To be really honest, I wouldn’t consider myself an athlete… athletic, sure, but not an athlete.
In my many attempts to make the transition from ‘athletic’ to ‘athlete’, I have competed with vigor. There are a few things that I have done athletically, football, basketball, karate and volleyball. This meek list of competitive events have taken up numerous hours and had the privilege of seeing some of my most dedicated and passionate moments. Football is the least glamorous of the list… my mother, being ultra protective of her only son would have preferred I be her only daughter, so she didn’t have to worry about me wanting to do crazy things that would injure me [or get me dirty, if we’re being honest]. That said, my mom did not let me play full contact tackle football growing up, I was restricted to playing flag football as a young chap, until I moved in with my dad. While he and I didn’t have much of what some people call a ‘relationship’, I was still his boy and he was still my dad, so, at twelve years old I finally was able to play real football [with pads and a helmet and stuff]. My lack of experience was embarrassing and troublesome and let’s just say, my tackle football career ended when I was twelve.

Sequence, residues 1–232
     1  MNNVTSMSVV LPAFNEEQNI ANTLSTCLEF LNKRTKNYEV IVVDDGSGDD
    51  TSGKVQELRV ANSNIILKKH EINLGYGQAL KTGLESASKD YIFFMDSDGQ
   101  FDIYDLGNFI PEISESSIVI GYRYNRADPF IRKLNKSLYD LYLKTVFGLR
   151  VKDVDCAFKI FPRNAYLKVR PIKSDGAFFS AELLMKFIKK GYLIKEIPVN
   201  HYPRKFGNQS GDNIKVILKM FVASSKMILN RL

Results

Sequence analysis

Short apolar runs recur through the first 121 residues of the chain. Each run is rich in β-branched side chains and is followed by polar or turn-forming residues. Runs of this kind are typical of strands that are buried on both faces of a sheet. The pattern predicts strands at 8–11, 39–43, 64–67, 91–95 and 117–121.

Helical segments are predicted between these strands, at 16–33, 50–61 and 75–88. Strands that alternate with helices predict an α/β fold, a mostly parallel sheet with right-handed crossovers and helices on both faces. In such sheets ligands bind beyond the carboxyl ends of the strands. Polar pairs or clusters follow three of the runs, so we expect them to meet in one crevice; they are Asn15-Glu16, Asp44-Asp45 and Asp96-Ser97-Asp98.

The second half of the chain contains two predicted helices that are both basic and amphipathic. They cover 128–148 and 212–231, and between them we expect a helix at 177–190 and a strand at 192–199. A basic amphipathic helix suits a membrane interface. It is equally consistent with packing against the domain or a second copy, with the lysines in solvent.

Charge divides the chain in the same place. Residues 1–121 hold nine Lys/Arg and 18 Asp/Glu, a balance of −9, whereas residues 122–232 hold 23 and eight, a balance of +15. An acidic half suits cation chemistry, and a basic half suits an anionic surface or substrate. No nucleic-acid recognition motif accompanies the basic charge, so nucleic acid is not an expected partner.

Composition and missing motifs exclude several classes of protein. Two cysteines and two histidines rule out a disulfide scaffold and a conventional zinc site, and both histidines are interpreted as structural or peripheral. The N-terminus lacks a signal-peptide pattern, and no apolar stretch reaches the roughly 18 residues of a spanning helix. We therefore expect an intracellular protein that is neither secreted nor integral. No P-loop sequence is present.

From some other writings, some of you may know that basketball is my first and most passionate love when it comes to sports. I have rolled my ankle more times than I would like to admit and at the ripe old age of 27 am starting to feel the stress in my knees. Basketball is the only sport that I remain active in and still compete on any level.
With two state championship trophies that are no longer in existence, I once fantasized about being the next Chuck Norris, actually to be honest, I wanted to be Jean Claude Van Damme, but that is between you and I! While I competed more in basketball than any sport, karate truly saw the fire that lies inside of me to compete and win and has also brought me my most victorious moments.